The Kentucky Supreme Court in Kentucky v. Baker, (opinion available here) has found the retroactive application of the sex offender residency restriction to be unconstitutional. From the Lexington Herald-Leader:
A state law limiting where registered sex offenders may live cannot apply to those who committed offenses before July 12, 2006, the day the law was implemented, the Kentucky Supreme Court ruled Thursday.
The law prohibits sex offenders from living within 1,000 feet of playgrounds, day-care centers and schools, and the law changed how the distance is measured.
The court, in a 5-2 decision, said the law is punitive and violates the ex post facto clause, or retroactive law, in the U.S. Constitution, which prohibits states from passing laws that increase punishment for old crimes. The restrictions will still apply to anyone convicted after July 12, 2006.
As of Thursday morning, there were 280 sex offenders in Fayette County, and six were not in compliance, according to the Fayette County Sheriff's Office. Sheriff Kathy Witt said some addresses are visited every day. Those who are incompliant are usually not living at the addresses listed for the individuals.
H/T: Sentencing Law & Policy.
On Monday, the U.S. Supreme Court denied a request by the Roman Catholic Diocese of Bridgeport to delay the court-ordered release of thousands of legal documents from priest sex-abuse lawsuits. The New York Times has more. From the WSJ.com Law Blog:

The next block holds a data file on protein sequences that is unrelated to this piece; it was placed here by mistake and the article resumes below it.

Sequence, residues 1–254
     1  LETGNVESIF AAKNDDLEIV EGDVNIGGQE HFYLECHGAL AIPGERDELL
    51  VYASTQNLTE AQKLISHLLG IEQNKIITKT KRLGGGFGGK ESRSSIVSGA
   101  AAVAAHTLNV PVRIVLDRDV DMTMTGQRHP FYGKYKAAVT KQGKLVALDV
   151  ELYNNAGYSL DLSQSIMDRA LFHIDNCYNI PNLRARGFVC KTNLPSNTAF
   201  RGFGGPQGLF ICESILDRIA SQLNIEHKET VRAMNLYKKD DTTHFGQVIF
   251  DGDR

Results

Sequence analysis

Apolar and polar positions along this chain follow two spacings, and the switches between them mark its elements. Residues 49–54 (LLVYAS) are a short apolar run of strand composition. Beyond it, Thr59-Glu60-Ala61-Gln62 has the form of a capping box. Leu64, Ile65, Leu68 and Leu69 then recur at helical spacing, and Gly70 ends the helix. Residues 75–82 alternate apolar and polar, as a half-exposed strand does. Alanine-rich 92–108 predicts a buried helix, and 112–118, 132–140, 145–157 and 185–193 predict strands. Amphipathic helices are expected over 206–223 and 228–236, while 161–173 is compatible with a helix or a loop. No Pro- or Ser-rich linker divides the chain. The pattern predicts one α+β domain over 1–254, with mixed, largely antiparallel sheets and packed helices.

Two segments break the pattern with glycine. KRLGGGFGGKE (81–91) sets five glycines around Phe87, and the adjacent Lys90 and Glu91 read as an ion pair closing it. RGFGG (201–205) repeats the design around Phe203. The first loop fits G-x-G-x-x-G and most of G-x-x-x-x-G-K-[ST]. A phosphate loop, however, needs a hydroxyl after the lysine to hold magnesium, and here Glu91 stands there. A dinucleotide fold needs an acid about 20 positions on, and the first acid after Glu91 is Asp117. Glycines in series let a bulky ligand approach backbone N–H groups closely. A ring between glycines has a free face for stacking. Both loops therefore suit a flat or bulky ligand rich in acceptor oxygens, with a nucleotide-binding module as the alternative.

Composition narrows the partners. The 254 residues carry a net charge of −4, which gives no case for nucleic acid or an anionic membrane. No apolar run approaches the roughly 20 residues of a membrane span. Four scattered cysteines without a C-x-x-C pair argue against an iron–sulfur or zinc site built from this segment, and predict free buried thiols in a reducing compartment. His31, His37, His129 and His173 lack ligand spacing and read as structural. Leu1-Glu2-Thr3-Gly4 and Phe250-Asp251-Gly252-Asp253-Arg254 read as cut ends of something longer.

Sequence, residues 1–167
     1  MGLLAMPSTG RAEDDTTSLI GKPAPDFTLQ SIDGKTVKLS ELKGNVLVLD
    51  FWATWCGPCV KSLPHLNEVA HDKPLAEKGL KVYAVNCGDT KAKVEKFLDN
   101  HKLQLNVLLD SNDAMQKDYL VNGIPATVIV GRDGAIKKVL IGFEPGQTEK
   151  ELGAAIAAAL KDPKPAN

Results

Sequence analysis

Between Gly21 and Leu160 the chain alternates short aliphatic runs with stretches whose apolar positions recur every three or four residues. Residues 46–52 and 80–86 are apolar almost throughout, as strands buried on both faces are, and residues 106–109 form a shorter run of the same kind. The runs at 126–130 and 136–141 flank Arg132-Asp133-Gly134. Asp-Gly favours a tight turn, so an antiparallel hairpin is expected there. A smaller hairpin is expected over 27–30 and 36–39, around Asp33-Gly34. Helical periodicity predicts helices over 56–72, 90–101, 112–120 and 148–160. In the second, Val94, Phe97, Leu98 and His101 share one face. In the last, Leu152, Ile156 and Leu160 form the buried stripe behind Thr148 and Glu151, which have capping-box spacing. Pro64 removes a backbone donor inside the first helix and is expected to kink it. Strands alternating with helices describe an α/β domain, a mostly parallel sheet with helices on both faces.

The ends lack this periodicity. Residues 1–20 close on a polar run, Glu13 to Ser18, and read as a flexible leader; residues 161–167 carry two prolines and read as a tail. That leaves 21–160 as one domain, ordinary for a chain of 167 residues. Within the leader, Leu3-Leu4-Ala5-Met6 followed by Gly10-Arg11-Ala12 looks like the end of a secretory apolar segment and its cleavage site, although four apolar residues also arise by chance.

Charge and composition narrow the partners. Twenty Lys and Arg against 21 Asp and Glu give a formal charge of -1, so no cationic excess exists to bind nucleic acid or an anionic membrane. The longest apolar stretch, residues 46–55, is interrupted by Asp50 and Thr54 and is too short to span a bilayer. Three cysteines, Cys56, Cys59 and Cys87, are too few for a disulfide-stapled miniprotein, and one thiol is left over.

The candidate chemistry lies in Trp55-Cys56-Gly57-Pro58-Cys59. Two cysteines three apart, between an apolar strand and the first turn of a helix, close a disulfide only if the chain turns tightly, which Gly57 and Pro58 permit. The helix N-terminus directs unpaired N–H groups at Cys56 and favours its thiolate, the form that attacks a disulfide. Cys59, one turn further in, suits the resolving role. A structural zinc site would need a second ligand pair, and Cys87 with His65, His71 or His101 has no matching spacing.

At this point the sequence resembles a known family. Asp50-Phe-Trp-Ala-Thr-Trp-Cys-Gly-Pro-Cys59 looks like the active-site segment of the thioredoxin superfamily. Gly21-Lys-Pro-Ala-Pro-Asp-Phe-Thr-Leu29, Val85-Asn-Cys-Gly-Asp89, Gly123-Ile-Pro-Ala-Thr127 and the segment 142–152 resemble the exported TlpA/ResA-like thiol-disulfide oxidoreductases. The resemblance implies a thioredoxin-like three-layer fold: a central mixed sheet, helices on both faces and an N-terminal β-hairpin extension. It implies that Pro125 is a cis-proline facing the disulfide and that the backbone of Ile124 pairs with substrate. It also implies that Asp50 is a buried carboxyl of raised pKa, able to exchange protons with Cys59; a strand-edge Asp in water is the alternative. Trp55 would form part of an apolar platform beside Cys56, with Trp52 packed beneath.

In a one-line opinion, the court on Monday rejected a request by the Roman Catholic Diocese of Bridgeport to delay the release of thousands of legal documents from lawsuits filed against priests accused of child sex abuse.
The diocese still has another request before the court, asking the justices to hear arguments that release of the records would violate the First Amendment rights accorded to religious groups. But, writes the NYT, such a hearing appears unlikely after the court’s ruling on Monday.
A spokesman for the Bridgeport Diocese said in a statement: “We are disappointed that the U.S. Supreme Court decided not to extend the stay. For more than a decade, the Catholic Church in Bridgeport has addressed the issue of clergy sexual abuse compassionately and comprehensively. For now, however, the serious threat to the First Amendment rights of all churches and the rightful privacy of all litigants remain in jeopardy because of the decision of the Connecticut Supreme Court. This, indeed, is regrettable.”